What parts do you mean are  the same engine?  LR and PS are generally very different. ACR and LR use the same raw converter engine sure but LR was designed from the ground up  and is totally different to PS (pixel editor) in most respects. 

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On 27/08/2017 at 23:41, MDM said:

The key point with raw images and colour is that it doesn't matter what colour space (as Russell says) or WHITE BALANCE setting you set in camera. This is set at the raw conversion stage without any impact on the image. Not so if shooting jpegs. You can't change the white balance later without impacting on image quality.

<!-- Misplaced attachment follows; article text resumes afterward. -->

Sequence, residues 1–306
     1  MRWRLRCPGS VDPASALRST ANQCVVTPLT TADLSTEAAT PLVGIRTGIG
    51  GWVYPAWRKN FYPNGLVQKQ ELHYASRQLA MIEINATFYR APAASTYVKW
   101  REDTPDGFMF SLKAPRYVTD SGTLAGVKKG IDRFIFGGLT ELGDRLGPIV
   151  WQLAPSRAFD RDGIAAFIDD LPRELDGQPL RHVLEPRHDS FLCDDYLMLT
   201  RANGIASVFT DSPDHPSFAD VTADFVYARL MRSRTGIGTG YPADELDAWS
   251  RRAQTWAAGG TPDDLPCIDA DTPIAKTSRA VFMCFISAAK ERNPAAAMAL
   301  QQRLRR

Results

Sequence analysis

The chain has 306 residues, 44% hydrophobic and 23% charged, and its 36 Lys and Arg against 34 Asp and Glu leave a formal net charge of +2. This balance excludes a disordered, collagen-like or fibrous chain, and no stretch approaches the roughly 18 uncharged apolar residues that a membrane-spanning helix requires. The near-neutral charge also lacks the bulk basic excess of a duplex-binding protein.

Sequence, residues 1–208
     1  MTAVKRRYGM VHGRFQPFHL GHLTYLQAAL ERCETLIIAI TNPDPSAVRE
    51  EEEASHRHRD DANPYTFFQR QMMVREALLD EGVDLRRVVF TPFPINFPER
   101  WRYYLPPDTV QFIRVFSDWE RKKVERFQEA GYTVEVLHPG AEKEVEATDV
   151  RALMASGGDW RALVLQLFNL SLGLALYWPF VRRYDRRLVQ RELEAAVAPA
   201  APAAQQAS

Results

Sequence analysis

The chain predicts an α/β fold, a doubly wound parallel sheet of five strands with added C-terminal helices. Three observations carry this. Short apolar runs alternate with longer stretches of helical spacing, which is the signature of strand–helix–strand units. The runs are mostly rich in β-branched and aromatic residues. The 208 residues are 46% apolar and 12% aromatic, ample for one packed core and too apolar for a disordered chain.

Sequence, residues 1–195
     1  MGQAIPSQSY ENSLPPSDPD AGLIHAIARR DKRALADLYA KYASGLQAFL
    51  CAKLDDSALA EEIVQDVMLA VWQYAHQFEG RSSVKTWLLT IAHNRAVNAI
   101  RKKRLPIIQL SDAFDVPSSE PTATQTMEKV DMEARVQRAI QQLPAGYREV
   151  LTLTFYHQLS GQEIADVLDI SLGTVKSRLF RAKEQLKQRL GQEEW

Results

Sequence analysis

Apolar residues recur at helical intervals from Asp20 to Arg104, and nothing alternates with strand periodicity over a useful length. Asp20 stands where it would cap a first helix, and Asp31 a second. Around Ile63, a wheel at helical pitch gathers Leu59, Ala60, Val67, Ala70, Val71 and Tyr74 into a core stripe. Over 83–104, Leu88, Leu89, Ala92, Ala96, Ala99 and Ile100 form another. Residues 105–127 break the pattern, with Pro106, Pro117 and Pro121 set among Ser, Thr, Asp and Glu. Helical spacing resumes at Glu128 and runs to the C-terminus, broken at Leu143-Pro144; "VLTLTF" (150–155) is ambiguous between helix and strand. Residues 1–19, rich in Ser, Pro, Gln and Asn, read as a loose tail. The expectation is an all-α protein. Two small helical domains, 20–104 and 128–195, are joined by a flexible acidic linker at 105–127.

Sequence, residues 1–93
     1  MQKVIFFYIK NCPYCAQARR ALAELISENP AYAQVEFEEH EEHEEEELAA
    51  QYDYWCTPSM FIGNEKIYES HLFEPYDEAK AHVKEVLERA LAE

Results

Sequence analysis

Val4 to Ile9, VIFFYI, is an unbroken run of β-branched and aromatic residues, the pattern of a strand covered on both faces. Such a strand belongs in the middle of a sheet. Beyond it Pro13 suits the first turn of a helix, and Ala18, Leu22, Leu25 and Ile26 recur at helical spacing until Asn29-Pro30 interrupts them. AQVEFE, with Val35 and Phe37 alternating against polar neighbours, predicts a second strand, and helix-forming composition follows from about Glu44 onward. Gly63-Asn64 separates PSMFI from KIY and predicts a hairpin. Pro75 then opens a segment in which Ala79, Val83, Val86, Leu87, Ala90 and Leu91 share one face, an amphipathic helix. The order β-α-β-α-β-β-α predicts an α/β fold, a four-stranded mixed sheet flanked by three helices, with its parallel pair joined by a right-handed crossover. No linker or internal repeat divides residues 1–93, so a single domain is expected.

That is not to say you should not shoot a grey card or colour chart which as you say makes it much easier to get accurate colour later but it does not need to be applied in camera if shooting raw. 

 

Just to further emphasise the point that it is not necesary to set the white balance in camera, I was out shooting landscapes early this morning and I accidentally set the WB to tungsten so that a lot of the pictures have a strong blue cast when initially imported into Lightroom. Not a problem though as I shot raw and can change the WB to whatever without affecting image quality. It would be a very different story if I had shot JPEG. 

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On 25/08/2017 at 18:41, Bill Brooks said:

I set camera for AdobeRGB and shoot in RAW. Lightroom uses ProPhoto RGB internally for processing, so colour could be misleading within Lightroom if you convert to sRGB after.  sRGB will have less saturation.

 

I Alamy export JPG 300 DPI in ProPhoto RGB.

 

Trend is to a higher gamut in monitors, output devices, etc so you are getting more saturated colour, more colour detail, and future proofing your collection, if you use Prophoto RGB